viii. While you hold your piece you may move it anywhere allowed by the rules; but when you quit your hold the move is completed, and must be abided by.
ix. If you inadvertently move one of your adversary's pieces instead of your own, he may compel you to take the piece you have touched, should it be en prise; or to replace it and move your king, or to leave it on the square to which you have moved it, and forego any other move at that time. . Should you capture one of the adverse pieces with another, instead of one of your own, the capture holds good, if your opponent so decides.
x. If the player takes a piece through a false move, his adversary may compel him to take such piece with one that can lawfully take it; or to move the piece that has been touched,
if such move does not expose the king to check; or he may be directed to move his king.
xi. If you take one of your own men, instead of one of your adversary's, you may be compelled to move one of the two pieces touched, at the option of your opponent. Mr. Walker thinks that the penalty should be to lose the man you have improperly taken off.
xii. An opponent has the option of punishing a false move, by claiming the false move as your move, by compelling you to move the piece touched, as you may think fit, or to replace the piece and move your king.
xiii. The king must never be exposed to check by any penalty enforced.
xiv. If you move twice running, you may be compelled to abide by both moves, or to retract the second.
xv. Unlimited time is allowed for the moves [unless otherwise agreed]. If one player insists upon the postponement of the termination of a game, against the will of his opponent, the game is forfeited by him who will not play on.
xvi. When a pawn is moved two squares, it is liable to be taken, en passant, by a pawn, but not by a piece.
xvii. If you touch both king and rook, intending to castle, you must move one of the two pieces, at the option of your adversary; or he may compel you to complete the castling. You cannot take a piece and castle at the same time; nor does the rook check as it passes to its new position; but it may check on its position after castling.
xviii. False castling is liable to the same penalties as a false move.
xix. When a player gives the odds of a rook, he does not relinquish the right of castling on the side from which the rook has been taken, all other conditions being lawful, as if the rook were in its place.
xx. When you give check you must say so aloud. If check is not called on
A HASTY MAN NEVER WANTED WOE.
either side, but subsequently discovered, you must endeavour to recall all the moves back to the period when the check first occurred.
xxi. You are not compelled to cry check when you attack the queen.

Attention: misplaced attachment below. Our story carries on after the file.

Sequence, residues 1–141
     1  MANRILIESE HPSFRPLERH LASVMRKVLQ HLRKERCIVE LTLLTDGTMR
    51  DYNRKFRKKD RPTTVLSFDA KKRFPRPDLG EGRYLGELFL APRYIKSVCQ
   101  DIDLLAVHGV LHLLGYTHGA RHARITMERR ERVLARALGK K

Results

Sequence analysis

xxii. If you cry check, and afterwards alter your determination, you are not compelled to abide by the intention, provided you have not touched the piece.
'xxiii. When a pawn reaches the opposite side of the board it may be replaced by any piece, at the option of the owner, and irrespective of the pieces already owned by him.
xxiv. Stall mate is a drawn game. xxv. Drawn games count for nothing; and he who moved first in the drawn game moves first in the following.
xxvi. If you declare to win a game, or position, and only draw it, you are accounted the loser.
xxvii. When you have either of the following advantages of force, you are compelled to give check-mate in fifty moves, or the game is considered drawn. King and queen against king. King and rook against king.
King and two bishops against king. King, bishop, and knight, against king.
King and queen against king and rook.
King and rook against king and minor piece.
King and pawn against king. King and two pawns against king and pawn.
xxviii. If you move after your adversary has made a false move, or committed other irregularity, you cannot claim the penalties.
xxix. Spectators are forbidden to make remarks.
xxx. Disputes to be referred to a third party.
58. Rules of the Game of Draughts.-The nine laws for regulating the game of draughts are as follows:
i. Each player takes the first move
alternately, whether the last game be won or drawn.
ii. Any action which prevents the adversary from having a full view of the men is not allowed.
iii. The player who touches a man must play him.
iv. In case of standing the huff, which means omitting to take a man when an opportunity for so doing occurred, the other party may either take the man, or insist upon his man, which has been so omitted by his adversary, being taken.